We spend the bulk of our time on this planet around other people. We work with them, live with them, and interact with them in our communities.
We are social beings meant to live in relationship with others.
Our relationships with co-workers, family, friends, and others in our communities are an important part of our lives. How we relate to people and the quality of those relationships has an impact on our lives for better or worse.
Studies have found that having positive relationships with others increases a person’s sense of well-being and provides greater life satisfaction.
Our relationships provide us with love, support, and a sense of belonging.
It is also important to realize that ALL relationships (even healthy ones) have ups and downs. Misunderstandings, miscommunication, and conflict are just a few of the many problems that are normal and unavoidable in any relationship.
But what is most important is HOW you handle yourself in those moments of tension that really matters – it can make or break your relationship!
Here are 5 Keys to Help You Become Better at Problem Solving in Your Relationships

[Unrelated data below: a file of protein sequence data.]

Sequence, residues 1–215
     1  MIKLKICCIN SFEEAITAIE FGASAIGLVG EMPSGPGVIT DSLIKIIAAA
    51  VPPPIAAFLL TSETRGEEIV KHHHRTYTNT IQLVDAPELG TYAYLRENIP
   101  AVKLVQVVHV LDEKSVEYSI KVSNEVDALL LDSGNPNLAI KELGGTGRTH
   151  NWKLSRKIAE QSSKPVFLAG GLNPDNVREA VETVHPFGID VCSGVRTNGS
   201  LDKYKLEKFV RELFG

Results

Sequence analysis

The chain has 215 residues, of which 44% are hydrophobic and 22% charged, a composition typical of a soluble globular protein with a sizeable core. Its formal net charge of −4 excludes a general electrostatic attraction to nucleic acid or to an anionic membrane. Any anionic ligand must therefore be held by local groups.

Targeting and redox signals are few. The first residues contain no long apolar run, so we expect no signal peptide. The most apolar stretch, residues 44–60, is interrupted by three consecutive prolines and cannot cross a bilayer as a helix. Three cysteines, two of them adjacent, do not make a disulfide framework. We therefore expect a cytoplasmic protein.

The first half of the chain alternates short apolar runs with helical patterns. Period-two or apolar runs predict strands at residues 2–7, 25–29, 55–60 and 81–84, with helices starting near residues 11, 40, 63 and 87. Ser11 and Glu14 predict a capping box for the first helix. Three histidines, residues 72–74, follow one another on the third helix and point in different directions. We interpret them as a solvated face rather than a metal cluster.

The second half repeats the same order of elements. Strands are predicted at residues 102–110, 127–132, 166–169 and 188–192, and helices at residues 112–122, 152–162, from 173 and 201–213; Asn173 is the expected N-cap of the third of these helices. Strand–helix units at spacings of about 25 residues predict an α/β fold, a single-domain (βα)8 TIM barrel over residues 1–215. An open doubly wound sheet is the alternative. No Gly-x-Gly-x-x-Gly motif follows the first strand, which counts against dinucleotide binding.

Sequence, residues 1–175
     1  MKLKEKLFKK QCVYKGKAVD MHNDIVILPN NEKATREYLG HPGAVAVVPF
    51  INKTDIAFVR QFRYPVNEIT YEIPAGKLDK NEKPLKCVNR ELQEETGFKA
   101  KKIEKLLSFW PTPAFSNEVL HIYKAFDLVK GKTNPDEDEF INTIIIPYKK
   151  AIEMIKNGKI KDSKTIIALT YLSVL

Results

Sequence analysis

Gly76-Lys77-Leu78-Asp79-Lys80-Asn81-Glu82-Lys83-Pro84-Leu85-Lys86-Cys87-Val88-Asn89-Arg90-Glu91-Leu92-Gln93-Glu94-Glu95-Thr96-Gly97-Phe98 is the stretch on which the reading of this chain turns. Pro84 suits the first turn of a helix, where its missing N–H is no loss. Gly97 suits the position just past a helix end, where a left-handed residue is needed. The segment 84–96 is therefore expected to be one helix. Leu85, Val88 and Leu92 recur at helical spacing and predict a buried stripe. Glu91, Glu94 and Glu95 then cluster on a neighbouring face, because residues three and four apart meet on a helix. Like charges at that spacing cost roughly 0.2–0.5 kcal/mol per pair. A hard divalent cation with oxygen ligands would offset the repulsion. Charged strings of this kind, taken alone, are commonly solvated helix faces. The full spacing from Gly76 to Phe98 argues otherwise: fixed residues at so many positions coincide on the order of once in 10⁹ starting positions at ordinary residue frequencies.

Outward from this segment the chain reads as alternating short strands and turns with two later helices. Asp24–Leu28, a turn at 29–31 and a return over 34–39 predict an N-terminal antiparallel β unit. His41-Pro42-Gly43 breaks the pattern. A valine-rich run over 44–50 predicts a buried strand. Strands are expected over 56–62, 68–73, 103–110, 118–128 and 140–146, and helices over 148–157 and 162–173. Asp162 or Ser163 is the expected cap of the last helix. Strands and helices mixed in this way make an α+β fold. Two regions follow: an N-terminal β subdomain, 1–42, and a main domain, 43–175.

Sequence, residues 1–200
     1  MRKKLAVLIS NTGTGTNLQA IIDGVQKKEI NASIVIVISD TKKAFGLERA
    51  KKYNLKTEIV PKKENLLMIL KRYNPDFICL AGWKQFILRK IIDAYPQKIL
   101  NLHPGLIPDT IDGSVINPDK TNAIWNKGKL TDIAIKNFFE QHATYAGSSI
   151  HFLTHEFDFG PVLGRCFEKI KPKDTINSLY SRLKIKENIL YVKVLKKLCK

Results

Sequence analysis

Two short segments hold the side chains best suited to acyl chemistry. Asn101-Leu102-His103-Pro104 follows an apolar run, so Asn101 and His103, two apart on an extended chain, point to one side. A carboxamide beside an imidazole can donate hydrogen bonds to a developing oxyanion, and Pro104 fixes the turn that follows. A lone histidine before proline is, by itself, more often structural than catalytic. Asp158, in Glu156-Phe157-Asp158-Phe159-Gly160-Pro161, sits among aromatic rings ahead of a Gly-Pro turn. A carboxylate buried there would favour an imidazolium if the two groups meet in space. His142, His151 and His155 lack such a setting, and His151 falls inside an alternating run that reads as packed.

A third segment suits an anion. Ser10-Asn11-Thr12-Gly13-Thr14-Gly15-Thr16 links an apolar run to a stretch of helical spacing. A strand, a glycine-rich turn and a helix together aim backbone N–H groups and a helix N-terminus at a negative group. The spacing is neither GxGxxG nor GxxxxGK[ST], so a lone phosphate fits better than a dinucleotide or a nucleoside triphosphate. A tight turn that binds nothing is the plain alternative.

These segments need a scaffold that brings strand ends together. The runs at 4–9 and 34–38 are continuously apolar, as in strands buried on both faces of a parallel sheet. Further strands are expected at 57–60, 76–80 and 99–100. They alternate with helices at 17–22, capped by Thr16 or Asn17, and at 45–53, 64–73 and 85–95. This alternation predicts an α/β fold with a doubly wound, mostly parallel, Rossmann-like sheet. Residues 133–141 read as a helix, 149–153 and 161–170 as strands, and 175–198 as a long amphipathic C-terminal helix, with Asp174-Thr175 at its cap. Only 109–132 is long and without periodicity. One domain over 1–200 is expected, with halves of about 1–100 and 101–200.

1) Know Your Values
Knowing your personal values can help guide your behavior and your decision making. Having a clear sense of what values you hold “near and dear” will help you understand how to be true to yourself while navigating through problems in your relationships.
For example, if you value “contribution” and you work on a team where you do not feel that you are able to contribute in a meaningful way, you are more likely to feel dissatisfied with your job. Disconnected from your team.
This scenario creates a lose-lose situation. Synergy is lost. You are not able to give your best work and your team is not able to be as effective as it could be without full collaboration from you, as well as your team members.
So what can you do about this?
How might you advocate for yourself in a way that will honor your values and benefit you and the team for the best outcome?
If you have a clear sense of your core values you can look for opportunities to be more pro-active. You can offer ideas for ways you want to contribute more on your team.
When your work is in alignment with who you are and the values that you hold you will be more engaged at work. This creates a win-win for you and your team.
You will be more effective in your work.
And your team will be more successful when ALL members feel valued and understood.
2) Initiate Intelligent Conversations
According to Judith Glaser, author of Conversational Intelligence: How Great Leaders Build Trust and Get Extraordinary Results, “unhealthy conversations are at the root of distrust, deceit, betrayal and avoidance – which leads to lower productivity and innovation, and, ultimately lower success.”
On the flip side engaging in healthy conversations allows people to become partners. To co-create a vision of what they want to collectively accomplish with respect and mutual success.
3) Shift from a “ME” to “WE” Approach